You CAN make money in ‘death trap’ airlines

There is an old adage in investment: ‘You can’t make money in airlines’.

Death trap?

This has been true for a number of decades, with Warren Buffett once labelling aviation an investor “death trap”. However, in recent years, the often-maligned sector has been soaring due to many strong drivers. Industry consolidation on both sides of the Atlantic – such as the Ameri-can Airlines and US Airways merger, as well as BA and Iberia’s creation of IAG – has been a major feature. Ardevora has shared in the airline resurgence, with long-held name Southwest soaring to the top of the S&P 500 returns last year, up 124%.

Barry Norris, Argonaut Capital

“The US airline industry went through a very difficult credit crunch: it was basically on the verge of extinction. This forced risk disci-pline on managers,” Ardevora part-ner Gianluca Monaco says. “So we saw consolidation and ca-pacity was taken out, which really worked. This set out the opportuni-ty we have seen over the past few years. Combined with a slowly im-proving economic environment, it has led to better pricing as well.

“We started our positioning with the champion of the low-cost carri-ers, Southwest Airlines, a couple of years ago. But there are still oppor-tunities. We just added JetBlue, which is at a much earlier phase of its restructuring process.”

Lower oil prices

Alken founder Nicolas Walweski has been a backer of European low-cost dynamo Ryanair for some time. “We increased our allocation to Ryanair as the oil price started to weaken back in September last year. While the stock has rallied about 50% over this period, we still believe it remains cheap,” he says. “While one of the most obvious beneficiaries of the oil price drop, Ryanair is benefiting on many fronts and its competitive position is continually improving.” Argonaut Capital founder Barry Norris also holds on Ryanair. However, he has taken a short positon in low-cost competitor Norwegian in the group’s strongly-performing FP Argonaut Absolute Return Fund. “A successful budget airline must be able to win a price war” Norris says.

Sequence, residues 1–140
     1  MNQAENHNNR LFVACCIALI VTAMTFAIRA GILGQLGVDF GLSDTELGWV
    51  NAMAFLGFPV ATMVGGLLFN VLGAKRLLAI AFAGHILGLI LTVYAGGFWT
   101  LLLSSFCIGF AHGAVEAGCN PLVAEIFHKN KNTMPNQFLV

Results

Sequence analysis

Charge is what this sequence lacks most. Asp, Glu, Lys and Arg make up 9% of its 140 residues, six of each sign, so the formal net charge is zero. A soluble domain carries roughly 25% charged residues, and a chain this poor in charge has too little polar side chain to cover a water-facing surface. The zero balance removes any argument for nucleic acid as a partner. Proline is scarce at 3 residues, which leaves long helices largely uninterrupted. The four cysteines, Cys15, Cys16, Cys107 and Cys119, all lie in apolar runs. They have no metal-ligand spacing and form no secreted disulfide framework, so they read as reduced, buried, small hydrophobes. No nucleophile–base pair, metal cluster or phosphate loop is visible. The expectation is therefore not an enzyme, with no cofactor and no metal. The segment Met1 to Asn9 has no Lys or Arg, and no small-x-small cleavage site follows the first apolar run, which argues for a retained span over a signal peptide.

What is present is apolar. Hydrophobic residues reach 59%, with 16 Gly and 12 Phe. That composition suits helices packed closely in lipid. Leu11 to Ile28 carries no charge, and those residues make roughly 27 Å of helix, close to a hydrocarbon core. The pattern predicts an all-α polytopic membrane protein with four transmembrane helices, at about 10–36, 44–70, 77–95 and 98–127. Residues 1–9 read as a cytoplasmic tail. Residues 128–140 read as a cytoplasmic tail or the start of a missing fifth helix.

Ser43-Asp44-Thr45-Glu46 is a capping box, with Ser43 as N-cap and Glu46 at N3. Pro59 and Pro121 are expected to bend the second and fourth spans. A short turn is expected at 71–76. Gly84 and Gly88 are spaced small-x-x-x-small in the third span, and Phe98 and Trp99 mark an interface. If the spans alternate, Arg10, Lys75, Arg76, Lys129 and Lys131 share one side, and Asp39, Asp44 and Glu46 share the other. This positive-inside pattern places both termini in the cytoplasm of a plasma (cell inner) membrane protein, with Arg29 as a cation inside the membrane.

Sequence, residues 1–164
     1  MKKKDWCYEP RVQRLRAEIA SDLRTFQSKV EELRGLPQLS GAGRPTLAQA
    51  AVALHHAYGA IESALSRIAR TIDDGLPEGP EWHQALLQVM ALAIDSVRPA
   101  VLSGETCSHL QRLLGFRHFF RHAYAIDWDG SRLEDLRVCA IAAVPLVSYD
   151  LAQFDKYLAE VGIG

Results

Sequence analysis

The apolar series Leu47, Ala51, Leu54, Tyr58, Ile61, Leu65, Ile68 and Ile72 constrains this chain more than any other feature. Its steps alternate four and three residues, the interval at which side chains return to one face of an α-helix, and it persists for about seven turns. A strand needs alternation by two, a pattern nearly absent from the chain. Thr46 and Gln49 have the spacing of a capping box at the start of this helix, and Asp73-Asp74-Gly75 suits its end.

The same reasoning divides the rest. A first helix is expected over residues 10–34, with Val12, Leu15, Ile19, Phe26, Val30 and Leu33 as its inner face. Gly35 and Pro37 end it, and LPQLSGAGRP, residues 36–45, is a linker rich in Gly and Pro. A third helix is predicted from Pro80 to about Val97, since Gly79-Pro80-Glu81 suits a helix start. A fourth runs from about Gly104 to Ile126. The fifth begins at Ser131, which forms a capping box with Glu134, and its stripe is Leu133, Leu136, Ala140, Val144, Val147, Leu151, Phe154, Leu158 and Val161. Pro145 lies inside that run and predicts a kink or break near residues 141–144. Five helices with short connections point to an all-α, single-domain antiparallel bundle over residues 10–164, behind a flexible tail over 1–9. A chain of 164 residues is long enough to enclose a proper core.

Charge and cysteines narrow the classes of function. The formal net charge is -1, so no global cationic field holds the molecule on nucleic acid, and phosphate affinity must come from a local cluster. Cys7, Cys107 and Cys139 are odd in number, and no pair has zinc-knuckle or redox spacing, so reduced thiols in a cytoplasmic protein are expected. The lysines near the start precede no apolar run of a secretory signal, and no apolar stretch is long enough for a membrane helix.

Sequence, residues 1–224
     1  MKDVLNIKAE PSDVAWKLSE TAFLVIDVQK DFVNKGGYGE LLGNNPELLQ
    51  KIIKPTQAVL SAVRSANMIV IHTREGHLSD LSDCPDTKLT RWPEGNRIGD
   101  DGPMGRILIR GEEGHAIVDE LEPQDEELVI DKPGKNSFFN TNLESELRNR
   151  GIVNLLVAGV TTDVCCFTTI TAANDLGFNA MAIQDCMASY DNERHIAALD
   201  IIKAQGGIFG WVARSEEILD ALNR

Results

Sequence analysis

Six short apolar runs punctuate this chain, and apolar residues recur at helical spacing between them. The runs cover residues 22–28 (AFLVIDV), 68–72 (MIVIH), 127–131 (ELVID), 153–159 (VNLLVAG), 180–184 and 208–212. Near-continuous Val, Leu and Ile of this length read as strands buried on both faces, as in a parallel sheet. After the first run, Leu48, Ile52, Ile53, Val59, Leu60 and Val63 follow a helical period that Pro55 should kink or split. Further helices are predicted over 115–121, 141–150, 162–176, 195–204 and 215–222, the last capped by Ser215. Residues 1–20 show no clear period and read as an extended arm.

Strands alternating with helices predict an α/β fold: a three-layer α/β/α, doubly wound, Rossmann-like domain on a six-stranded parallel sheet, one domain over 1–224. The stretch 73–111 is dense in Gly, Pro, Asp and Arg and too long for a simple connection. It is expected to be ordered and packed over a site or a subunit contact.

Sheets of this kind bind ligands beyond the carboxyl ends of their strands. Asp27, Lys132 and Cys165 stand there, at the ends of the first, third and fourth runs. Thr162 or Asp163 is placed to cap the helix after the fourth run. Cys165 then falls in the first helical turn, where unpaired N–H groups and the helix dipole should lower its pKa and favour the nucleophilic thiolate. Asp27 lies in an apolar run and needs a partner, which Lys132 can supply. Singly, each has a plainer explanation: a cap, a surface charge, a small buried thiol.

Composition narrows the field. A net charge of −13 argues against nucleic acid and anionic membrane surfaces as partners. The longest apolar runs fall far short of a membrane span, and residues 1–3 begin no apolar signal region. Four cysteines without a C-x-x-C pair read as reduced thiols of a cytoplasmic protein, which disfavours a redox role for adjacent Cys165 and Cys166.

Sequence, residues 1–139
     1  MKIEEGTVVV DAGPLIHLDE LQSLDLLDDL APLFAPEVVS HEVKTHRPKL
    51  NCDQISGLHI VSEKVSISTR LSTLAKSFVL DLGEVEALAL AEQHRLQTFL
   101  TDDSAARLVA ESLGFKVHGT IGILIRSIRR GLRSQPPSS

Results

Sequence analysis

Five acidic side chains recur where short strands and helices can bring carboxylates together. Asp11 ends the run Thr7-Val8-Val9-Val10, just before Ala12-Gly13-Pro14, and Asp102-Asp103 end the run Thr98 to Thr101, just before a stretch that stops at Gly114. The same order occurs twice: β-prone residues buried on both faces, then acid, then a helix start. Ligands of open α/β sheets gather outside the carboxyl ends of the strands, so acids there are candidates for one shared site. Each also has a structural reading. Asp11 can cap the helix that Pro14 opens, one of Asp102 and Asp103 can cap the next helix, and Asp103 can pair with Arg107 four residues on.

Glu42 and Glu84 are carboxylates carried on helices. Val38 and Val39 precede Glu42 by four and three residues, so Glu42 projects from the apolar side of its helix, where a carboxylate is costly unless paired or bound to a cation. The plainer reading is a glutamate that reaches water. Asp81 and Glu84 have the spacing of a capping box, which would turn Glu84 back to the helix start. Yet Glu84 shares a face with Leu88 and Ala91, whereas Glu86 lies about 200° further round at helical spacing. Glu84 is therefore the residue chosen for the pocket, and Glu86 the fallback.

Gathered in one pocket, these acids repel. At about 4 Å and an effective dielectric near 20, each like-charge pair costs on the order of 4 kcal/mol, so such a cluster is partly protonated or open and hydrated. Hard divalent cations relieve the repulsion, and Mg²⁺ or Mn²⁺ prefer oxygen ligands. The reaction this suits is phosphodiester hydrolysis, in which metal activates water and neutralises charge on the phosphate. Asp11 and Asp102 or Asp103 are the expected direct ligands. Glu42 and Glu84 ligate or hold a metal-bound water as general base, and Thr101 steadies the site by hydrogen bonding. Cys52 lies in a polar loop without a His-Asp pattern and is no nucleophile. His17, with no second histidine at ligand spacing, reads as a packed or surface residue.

“While Ryanair is a proven winner and as such has seen considerable positive momentum behind its profit forecasts, Norwegian’s business model in our opinion only really works in Scandinavia when it comes up against easy competition in high-cost incumbent SAS. “Norwegian attempting to aggressively expand outside of its core markets – without a profitable business model and with a highly levered balance sheet – is in our opinion the airline industry equivalent of bringing a knife to a gun fight.”

Delta Airlines

Elsewhere in the US, Hermes Global Equity Fund manager Geir Lode and Nordea 1 - North American All Cap Fund manager Ed Cowart are holders of Delta Airlines. “We are optimistic about Delta’s prospects. Cheaper fuel in the US, driven by lower oil prices, not only reduces the carrier’s input costs but also acts as a tax cut for middleclass households,” Lode says. “Delta’s free cash flow yield continues to improve, and despite the recent rally, its stock valuation remains attractive.” Cowart adds: “Delta trades at a heavy discount to the market and peers. Despite this, we believe Delta has better durability of earnings compared to peers – due to lower interest costs, a revenue premium and a more variable cost structure. This industry has transformed in the last few years and Delta represents a compelling opportunity.”